For years I used a pre-paid flip phone to save money, but recently I was given an LG G4 phone at an AT&T booth at an Expo!! When I told the representative about my blog, she decided to give me the LG G4 phone because of its incredible photo/video capability, which is absolutely true! I found this perfect travel tripod to use with it. Being a dancer, you'd think I'd be graceful and coordinated but I'm an absolute klutz! Things go flying in the air whenever I touch them. So the first step for my phone was to get a Defender Otterbox.
I grew up on on a farm with parents who could seemingly fix anything, so I try to do the same. I've discovered that most repairs simply require duct tape. If that doesn't work, I have a pink girlie toolbox for the bigger jobs. Rather than paying for services, farmer's daughters always do their own - like cleaning the car (and the manicure needed from cleaning the car). We also buy used cars and drive them 'til they die. (Besides, I've heard the "new car smell" is highly over-rated and may even pose health risks.)
“In order to seek one’s own direction, one must simplify the mechanics of everyday life.” –Plato
Keeping up with the everyday tasks can be distracting and time-consuming. My goal is to manage the mechanics of life in only 10-15 minutes each day.
First, I try to take advantage of as many automated things as possible - direct deposit, bill pay, managing my accounts online, etc.
And I use FlyLady to streamline housecleaning and organizing.
. . . to waste brain cells trying to remember passwords! Keeper is one of the SSO (Single Sign-On) apps that creates secure passwords and remembers them for you; you only have to remember a Master Password. It's available for Android and iOS.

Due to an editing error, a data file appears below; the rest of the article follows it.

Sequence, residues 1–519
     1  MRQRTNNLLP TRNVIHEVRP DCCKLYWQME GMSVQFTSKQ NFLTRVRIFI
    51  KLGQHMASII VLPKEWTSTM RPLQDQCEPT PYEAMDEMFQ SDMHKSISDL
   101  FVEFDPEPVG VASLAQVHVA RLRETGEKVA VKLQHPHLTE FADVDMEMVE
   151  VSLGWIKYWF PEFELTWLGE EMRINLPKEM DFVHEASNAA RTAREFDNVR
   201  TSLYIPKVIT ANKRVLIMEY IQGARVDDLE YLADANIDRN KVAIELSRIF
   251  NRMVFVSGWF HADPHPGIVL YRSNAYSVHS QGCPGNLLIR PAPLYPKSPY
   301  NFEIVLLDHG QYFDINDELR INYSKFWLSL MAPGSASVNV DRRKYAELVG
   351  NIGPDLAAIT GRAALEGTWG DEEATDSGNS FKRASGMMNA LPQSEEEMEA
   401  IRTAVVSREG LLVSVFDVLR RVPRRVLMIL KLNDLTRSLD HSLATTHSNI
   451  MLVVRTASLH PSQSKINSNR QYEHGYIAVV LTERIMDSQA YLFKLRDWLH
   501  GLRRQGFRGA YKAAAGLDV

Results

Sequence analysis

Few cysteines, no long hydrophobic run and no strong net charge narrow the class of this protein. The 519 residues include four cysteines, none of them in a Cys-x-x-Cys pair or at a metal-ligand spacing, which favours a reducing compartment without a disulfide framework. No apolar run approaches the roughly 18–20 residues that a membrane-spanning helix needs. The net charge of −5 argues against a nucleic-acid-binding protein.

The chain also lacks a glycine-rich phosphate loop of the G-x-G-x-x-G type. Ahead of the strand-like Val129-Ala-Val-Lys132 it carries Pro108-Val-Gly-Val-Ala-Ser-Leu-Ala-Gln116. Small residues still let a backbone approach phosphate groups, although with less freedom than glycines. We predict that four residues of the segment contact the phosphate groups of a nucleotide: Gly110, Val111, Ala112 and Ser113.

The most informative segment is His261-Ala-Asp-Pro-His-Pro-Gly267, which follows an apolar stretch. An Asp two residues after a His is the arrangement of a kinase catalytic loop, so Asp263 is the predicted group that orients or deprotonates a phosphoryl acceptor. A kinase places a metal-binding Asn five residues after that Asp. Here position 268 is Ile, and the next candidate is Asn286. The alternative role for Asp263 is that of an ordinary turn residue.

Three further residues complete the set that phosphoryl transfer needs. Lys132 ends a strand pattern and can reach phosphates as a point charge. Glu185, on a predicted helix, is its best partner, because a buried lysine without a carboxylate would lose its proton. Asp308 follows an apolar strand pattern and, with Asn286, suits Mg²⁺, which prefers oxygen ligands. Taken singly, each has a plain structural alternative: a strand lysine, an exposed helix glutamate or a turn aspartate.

. . . to get stuck in phone menus!
. . . . to sort through junk mail!
CatalogChoice.org is a free, easy-to-use website that let's you opt-out of junk mail!
. . . to save your "good" clothes for later!
I have this goofy thing about not wearing my "good" clothes in daily life. I tell myself silly things like, "It's new" or "I don't want to wear them out".
I'm not the only one who does this. Even though my Grandma Mildred had drawers of nightgowns we'd given her, I caught her wearing one that was ripped halfway across the yoke when she was 70 years old. "Grandma, what happened to your nightgown?" "Oh, Vern (Grandpa) tried to rip it off me!"
For years, "Declutter" has been at the top of my New Year's resolution list. This year I found the help I need in two books.
10-Minute Declutter by S.J. Scott and Barrie Davenport is for those who like to declutter a little at a time - 10 minutes a day. The authors have a great list of 15 questions to ask to help you decide what to keep and what to get rid of. You can get an audible version of this book and the one below for only $2 on Swagbucks. (Click on "Discover", then "SuperRewards" and scroll down until you reach "Audible Books". Be sure to check on other offers as you scroll down.)
The Life-Changing Magic of Tidying Up: The Japanese Art of Decluttering and Organizing by Marie Kondo, a Japanese cleaning consultant. Her method teaches how to simplify and declutter your home once and never have to do it again!! Then you'll "enjoy the unique magic of a tidy home--and the calm, motivated mindset it can inspire."
I, like millions, am addicted to "Maru" from Japan whose "cat mother" makes these videos. I've always been impressed by the cleanliness and simplicity of her home.
(To view full-screen, click on the square to the right of the YouTube symbol. The video is a little long but stay to the end. You'll be glad you did.)
"If saving money is wrong, I don't wanna be right" (Surprisingly, this quote came from William Shatner)
In order to earn money to pursue their dreams, some people work more hours. Call me lazy but I'd rather save the money I have. After paycheck deductions (insurance, taxes, contributions like 401K, etc.) my take-home pay is about 50% of what I earn, which means I need to earn $2 for every $1 spent. It also means the more money I save, the fewer hours I have to work. That's how I can do this working 25-30 hours a week.